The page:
SAVORY SUNDAYS- ROASTED ASPARAGUS

Hey everybody,

Welcome to this edition of Savory Sunday! Let's talk about amazing asparagus! I loove asparagus. I think I would have to say it's probably my favorite vegetable. Lately, JJ and I have been eating a lot of it, so I wanted to share with you our savory method for preparing it.

All you need is some asparagus, a baking sheet, some olive oil, and salt and pepper to taste!

Preheat the oven to 350 and arrange the asparagus on the baking sheet and drizzle a little olive oil on top and then just move the asparagus around to get them all coated. Put them in the oven and let the roast until they are fork tender. Sprinkle with a little salt and pepper to taste and that's it!! I mean how much easier can it get??!! Now, as I researched, I did find out that asparagus is not currently in season. Asparagus is in season from March-May. I have been buying the frozen variety from Trader Joe's. Yes, fresh is always best, but frozen is an alternative when you want to enjoy your favorite veggies. I NEVER buy fruits or veggies in a can. I'll probably do a post about that sometime in the near future.

Anyway, asparagus makes a delicious side dish or you can eat them alone if you prefer. There are a variety of ways you can prepare and use asparagus and this is just one. Asparagus can be steamed and sauteed as well. You can saute them on the stove and serve over brown rice or whole wheat pasta. Steam them and toss them with some other veggies and place in a salad. Be inventive!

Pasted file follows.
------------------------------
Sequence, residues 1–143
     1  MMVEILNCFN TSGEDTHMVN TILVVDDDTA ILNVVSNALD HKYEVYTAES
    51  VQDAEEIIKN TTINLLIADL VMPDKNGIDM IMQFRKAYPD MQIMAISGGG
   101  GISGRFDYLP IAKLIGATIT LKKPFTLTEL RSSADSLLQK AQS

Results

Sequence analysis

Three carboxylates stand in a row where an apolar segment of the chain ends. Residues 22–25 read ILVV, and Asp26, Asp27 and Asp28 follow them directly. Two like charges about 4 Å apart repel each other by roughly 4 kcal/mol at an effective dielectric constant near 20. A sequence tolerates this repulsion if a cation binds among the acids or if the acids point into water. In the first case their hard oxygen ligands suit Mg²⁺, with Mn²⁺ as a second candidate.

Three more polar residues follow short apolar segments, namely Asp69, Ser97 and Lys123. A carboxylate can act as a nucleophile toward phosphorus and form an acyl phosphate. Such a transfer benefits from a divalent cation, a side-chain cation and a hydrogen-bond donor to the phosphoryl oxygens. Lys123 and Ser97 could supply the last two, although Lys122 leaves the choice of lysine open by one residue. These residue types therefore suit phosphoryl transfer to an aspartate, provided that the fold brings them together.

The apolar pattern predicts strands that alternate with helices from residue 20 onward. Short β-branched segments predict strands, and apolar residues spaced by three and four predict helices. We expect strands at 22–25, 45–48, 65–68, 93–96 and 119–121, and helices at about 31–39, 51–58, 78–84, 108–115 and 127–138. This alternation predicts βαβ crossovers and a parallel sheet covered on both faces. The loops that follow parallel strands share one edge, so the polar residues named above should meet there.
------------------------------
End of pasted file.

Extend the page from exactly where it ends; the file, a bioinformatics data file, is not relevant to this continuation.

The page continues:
Also, in addition to being delicious, asparagus packs a heavy nutritional punch as well!

Check it out (from Wikipedia..one of my fav online sources):

Second century physician Galen described asparagus as "cleansing and healing."

Asparagus is a low-calorie source of folate and potassium. Its stalks are high in antioxidants. Six spears contain 135 micrograms (μg) of folate, almost half the recommended daily intake, 20 milligrams of potassium. Folate is good for pregnant mothers because it protects against neural tube defects in babies. Many studies indicate having plenty of potassium in the diet may reduce the loss of calcium from the body.

Asparagus is also low in sodium. It is a good source of vitamin B6, calcium, magnesium and zinc, dietary fiber, protein, vitamin A, vitamin C, vitamin E, vitamin K, thiamin, riboflavin, rutin, niacin, folic acid, iron, phosphorus, potassium, copper, manganese and selenium.

Fruitsandveggiesmorematters.org says:

When picking: Look for odorless asparagus stalks with dry, tight tips.

When storing: Refrigerate for up to four days by wrapping the ends of the stalks in a wet paper towel and put in a plastic bag.

I will be enjoying my asparagus even more now that I now all it offers, I hope you will too!

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